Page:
7. How soon do you want the map? My biggest maps generally take a month or so. If you need it sooner, I can speed up the process by a week or two, but that will cost more.
I started making art in earnest about a year and a half ago. I had finished a novel manuscript, and I wanted to try my hand at creating some maps.  Here are my first attempts,  made with Photoshop Elements:
Part 1 Map by Will-Erwin Cover Draft by Will-Erwin

These were actually the second or third drafts. I put an embarrassing amount of time into detailing them. I hadn't read any guides to speak of, I just figured I'd give a go. Some friendly deviants suggested I look around at some of the other maps and try experimenting with different styles.

As I looked around DeviantArt, I realized that I needed to up my game. I learned to play with filters and read through a tutorial or two. I started making maps like this:
Revised Part 2 Map by Will-Erwin   and this:    Color Cover by Will-Erwin

I was starting to realize what I could do with some of this graphics software. I started getting active with the Cartographers Guild, where a nice guy named Arsheesh, who offered very helpful suggestions and guides. By following his tutorials, I created the first map that I felt confident about:

Kiridin Lands Complete by Will-Erwin
This map kindled a creative flame within me. I found myself learning how to draw vector icons in Inkspace to go into my maps, like these:
Monochrome Icon Collection by Will-Erwin
I also branched out and tried some other programs, like Lego Digital Designer: Black Templar Sword Brethren by Will-Erwin

But really, the maps remain my central artistic focus. Every time I make one, I learn something new, and I try something new. Sometimes I get tips and pointers that help me with future maps, sometimes I get little pats on the back, like having my map added to a favorite collection or getting put on someone's watch list. The neatest pats on the back, though, come from when someone I've never met tells me about a personal reaction they have to it, like a few Michiganders who can see their hometowns on this post-apocalyptic map:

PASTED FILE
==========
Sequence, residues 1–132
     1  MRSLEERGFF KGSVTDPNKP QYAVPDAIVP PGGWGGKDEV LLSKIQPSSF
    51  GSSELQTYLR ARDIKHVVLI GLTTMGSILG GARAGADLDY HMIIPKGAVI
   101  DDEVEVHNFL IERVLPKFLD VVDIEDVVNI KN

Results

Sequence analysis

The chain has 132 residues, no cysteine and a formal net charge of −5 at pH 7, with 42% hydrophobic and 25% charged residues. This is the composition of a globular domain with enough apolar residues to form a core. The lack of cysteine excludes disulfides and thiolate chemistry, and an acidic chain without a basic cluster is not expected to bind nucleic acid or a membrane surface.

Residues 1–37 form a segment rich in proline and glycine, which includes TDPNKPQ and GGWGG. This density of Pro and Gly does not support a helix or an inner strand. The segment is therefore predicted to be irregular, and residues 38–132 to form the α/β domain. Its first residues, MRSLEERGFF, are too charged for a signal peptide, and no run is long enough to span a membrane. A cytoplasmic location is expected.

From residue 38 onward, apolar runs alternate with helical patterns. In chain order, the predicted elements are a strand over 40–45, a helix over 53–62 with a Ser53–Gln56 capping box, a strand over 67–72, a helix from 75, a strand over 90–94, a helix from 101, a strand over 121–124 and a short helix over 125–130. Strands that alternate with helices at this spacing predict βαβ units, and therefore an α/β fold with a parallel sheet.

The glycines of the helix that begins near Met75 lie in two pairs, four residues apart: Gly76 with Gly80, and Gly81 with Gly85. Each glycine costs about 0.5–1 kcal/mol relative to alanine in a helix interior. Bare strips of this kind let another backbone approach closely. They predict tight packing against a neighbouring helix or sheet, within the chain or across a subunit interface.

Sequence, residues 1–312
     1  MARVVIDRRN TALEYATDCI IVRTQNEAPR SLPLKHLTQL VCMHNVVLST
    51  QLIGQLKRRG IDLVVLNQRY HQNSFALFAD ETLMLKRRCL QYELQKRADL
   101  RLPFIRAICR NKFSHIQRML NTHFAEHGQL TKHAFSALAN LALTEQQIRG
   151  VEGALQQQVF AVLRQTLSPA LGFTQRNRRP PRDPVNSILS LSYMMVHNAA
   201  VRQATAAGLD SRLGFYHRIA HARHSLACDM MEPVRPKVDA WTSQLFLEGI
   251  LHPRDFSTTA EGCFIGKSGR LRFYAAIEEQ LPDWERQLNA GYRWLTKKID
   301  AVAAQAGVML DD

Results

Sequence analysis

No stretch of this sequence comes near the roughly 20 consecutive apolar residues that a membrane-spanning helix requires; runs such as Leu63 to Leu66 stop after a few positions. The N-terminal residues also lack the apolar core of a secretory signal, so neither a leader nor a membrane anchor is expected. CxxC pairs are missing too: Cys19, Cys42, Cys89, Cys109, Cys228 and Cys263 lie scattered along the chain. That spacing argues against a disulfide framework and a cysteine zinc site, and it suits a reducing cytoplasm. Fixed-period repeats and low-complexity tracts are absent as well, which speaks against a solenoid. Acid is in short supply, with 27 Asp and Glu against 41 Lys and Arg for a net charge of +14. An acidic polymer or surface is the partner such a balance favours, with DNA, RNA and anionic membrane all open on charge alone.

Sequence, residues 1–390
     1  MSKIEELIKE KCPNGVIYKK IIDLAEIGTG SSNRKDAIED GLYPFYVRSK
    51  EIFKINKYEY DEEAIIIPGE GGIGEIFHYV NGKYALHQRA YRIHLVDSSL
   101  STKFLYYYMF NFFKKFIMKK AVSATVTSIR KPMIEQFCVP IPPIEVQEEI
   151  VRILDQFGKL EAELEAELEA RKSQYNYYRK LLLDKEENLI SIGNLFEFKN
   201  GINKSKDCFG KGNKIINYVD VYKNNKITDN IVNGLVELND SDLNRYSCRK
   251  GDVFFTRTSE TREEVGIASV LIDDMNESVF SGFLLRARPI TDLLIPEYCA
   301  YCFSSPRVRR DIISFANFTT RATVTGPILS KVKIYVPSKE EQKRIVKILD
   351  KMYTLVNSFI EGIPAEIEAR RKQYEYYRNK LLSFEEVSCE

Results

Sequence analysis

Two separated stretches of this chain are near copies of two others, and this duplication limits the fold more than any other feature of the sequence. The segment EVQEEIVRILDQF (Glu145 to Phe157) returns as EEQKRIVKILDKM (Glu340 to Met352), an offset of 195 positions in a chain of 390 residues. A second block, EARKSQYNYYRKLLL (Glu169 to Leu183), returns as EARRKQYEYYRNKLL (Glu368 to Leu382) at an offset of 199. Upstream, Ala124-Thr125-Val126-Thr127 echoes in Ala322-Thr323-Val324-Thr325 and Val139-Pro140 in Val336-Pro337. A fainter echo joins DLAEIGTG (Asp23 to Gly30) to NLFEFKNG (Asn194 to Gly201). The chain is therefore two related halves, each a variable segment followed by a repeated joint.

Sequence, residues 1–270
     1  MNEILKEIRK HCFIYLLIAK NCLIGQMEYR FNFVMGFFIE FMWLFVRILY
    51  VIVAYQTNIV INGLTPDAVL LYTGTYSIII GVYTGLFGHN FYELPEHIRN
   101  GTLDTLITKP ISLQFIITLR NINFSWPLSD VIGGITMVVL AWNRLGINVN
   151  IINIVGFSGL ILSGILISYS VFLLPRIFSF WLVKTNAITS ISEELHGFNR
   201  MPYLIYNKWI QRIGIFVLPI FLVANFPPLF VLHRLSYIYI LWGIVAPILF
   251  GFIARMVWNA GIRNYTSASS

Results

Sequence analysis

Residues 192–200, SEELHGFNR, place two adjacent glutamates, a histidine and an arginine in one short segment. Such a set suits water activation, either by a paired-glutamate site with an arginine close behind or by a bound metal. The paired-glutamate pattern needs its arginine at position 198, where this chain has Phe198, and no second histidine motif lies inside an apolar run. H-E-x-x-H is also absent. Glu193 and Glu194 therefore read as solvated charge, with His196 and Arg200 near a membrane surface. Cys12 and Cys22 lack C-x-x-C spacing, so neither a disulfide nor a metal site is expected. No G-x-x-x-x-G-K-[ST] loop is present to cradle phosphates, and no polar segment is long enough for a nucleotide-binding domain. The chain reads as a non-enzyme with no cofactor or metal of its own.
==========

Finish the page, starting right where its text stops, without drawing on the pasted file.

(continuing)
Michigan's Upper Peninsula (Rifts RPG) by Will-Erwin

Connections like that are what makes this site such a great place for artists and art-fans. They're what keep bringing me back here. Even if I'm not actively making or posting new art, I see such a wealth of creativity and technique among the Deviants that I can't help but look at some beautiful art every day, and tell the artist who created it why I'm so glad they chose to share it with the world.

What I'm trying to say is, thank you, DeviantArt creators, for creating a virtual space where people the world over can come together to create and appreciate art. My world is a better place for it. 14 years is a long time to stick around in the age of the Internet, and I hope you stick around for many more years to come.